But additional processes performed by election officials help to further secure the election process.
“We have recounts in the state and that’s why we do checks for anomalies in the system,” MacLean said. “And we do a certification of the system prior to the election and make sure it is counting the votes you marked correctly.”
With arguably the most important general election of our lifetime two months away, MacLean expects his staff to be busier than normal on election night, especially if the high turnout from August’s primary holds true.
“I’m guesstimating that the general election will hit 70-plus percent,” MacLean predicted, noting that 53.95 percent of the county’s approximate 46,000 registered voters voted in the primary, well above the average of 30-40 percent. “The general is probably going to set records this year.”
MacLean also addressed the issues of potential fraud in the mail-in voting process, adding that the reports of nefarious illegality in the system are seen in states new to the process with little experience and safeguards.
“The concerns I get are the people reading the Facebook posts and all the different news and wanting to know if this is what is happening in Washington state, and no it is not,” he affirmed. “This is something we’ve been doing for 15-plus years. … The national media has been plaguing us a little bit, but what we do in Washington state is not what the national media is talking about. The concerns that come up in the national media is of the states that are going vote-by-mail that have never done vote-by-mail before. It’s something that we’ve been doing for decades now and that we have figured out.”
The mail-in fraud MacLean states he’s seen in his time as an election official is usually of the most harmless variety.
“It’s such a minimalist number (in the state) that it’s not going to constitute the voter fraud that (the mainstream media) is talking about,” he said. “The voter fraud you might find would be a wife forging a husband’s ballot. And 99 percent of the time the prosecutor’s office is not going to go after that person for doing that. … That’s the type of stuff we’ve seen, but nothing along the lines of what the reports are in the national media.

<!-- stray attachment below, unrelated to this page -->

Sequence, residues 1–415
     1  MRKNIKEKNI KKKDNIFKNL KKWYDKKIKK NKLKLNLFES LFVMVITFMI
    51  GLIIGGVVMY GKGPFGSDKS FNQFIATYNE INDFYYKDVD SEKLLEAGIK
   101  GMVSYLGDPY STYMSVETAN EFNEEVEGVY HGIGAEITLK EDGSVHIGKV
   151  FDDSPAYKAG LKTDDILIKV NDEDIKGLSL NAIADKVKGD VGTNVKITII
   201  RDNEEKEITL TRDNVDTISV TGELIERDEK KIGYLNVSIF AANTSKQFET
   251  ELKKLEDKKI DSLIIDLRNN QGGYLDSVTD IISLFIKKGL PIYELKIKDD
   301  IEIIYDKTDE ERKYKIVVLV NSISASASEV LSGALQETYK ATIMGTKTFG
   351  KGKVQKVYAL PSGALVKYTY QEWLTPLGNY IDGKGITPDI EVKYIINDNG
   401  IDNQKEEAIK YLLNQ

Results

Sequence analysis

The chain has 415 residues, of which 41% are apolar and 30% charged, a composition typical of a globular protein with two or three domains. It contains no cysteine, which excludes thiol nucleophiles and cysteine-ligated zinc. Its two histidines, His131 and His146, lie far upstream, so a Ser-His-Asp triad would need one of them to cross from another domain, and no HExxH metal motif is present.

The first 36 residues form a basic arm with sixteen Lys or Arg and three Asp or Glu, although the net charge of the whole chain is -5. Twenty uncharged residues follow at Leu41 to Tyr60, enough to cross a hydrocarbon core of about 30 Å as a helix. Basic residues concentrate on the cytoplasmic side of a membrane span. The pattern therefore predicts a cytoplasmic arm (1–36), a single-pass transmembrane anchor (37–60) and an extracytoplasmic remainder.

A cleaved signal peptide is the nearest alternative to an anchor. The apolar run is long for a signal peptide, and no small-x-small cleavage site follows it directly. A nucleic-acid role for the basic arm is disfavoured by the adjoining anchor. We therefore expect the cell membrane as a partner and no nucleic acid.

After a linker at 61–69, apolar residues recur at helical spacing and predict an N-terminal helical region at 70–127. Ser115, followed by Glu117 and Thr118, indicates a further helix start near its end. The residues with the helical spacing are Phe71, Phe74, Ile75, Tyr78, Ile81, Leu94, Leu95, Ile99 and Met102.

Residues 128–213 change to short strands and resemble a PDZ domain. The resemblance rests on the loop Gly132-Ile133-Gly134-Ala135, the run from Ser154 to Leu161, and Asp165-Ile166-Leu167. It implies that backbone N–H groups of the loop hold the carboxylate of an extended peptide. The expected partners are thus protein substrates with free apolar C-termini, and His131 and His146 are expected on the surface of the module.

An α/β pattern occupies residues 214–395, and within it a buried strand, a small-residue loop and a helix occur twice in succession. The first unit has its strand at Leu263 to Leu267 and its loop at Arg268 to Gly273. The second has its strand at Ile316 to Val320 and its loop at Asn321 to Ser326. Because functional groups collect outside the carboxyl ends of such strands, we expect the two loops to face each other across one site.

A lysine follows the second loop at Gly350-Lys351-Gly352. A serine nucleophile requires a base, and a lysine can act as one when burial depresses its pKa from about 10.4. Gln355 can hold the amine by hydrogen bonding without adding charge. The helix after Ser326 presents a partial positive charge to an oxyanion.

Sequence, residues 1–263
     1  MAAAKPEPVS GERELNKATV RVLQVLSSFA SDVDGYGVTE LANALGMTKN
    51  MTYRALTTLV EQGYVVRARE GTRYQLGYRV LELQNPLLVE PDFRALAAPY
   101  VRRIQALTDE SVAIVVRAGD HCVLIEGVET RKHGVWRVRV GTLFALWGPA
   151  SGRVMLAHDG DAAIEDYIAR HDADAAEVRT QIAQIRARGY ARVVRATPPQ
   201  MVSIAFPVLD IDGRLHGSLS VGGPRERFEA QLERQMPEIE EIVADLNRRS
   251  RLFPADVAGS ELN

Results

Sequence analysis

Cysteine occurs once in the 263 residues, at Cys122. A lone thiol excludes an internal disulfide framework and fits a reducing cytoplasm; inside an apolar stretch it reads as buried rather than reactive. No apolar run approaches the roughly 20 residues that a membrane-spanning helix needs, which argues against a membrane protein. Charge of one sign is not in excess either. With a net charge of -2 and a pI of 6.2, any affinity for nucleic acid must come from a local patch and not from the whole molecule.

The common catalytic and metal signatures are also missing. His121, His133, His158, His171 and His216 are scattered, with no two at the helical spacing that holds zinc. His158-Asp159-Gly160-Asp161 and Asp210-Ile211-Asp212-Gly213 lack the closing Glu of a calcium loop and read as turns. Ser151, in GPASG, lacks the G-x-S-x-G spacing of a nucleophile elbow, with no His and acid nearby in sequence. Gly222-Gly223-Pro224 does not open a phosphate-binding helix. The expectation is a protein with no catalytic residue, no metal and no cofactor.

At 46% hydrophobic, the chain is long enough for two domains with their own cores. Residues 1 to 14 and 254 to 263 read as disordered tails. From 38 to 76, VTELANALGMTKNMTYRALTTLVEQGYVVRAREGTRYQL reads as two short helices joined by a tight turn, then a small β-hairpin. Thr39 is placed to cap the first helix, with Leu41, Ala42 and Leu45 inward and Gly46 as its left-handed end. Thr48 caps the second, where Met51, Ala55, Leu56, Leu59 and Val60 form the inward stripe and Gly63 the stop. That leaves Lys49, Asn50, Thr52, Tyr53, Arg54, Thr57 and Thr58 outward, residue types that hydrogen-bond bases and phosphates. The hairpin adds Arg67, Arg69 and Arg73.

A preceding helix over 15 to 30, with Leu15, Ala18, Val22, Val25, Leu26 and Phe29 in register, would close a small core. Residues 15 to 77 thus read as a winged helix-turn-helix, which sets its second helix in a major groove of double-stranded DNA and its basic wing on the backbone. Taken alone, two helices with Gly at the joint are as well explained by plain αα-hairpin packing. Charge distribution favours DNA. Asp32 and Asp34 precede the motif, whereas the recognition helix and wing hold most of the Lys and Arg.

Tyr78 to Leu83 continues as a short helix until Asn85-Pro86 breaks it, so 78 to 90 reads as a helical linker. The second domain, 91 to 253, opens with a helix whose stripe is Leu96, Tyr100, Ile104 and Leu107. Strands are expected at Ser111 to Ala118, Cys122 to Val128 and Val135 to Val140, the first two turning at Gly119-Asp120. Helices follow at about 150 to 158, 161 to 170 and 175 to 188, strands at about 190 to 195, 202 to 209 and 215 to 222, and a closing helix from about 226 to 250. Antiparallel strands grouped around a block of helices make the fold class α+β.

MacLean addressed another concern making the rounds online regarding how ballot envelopes are earmarked.
“Our envelopes don’t say ‘R’ or ‘D’ on them because we don’t register by party in Washington state,” he said. “Here you are registered as a person and not as a party.”
But while mail-in voting and the potential fraud surrounding it has been an issue on the national stage of late, there is a larger challenge MacLean said is present in Grays Harbor County and across the state.
“The challenges are pretty much the same from county to county. The biggest challenge that we run into is getting people to register and to vote,” he said. “We have four elections a year, minimum. And the ones that affect us the most are the small elections. The school districts, city and town elections, etc.”
To register to vote and/or check your voter registration, visit the Grays Harbor County elections webpage at http://www.co.grays-harbor.wa.us/government/Auditors/elections.php/. You can also go to the state voter portal at https://voter.votewa.gov/ to see whether your voter status is “active” or if you need to update your voter registration, see a voter’s guide and get other information to help you vote.
Dial 360-249-4232 to contact the auditor’s office from 8:30 a.m. to 4:30 p.m. Monday through Friday.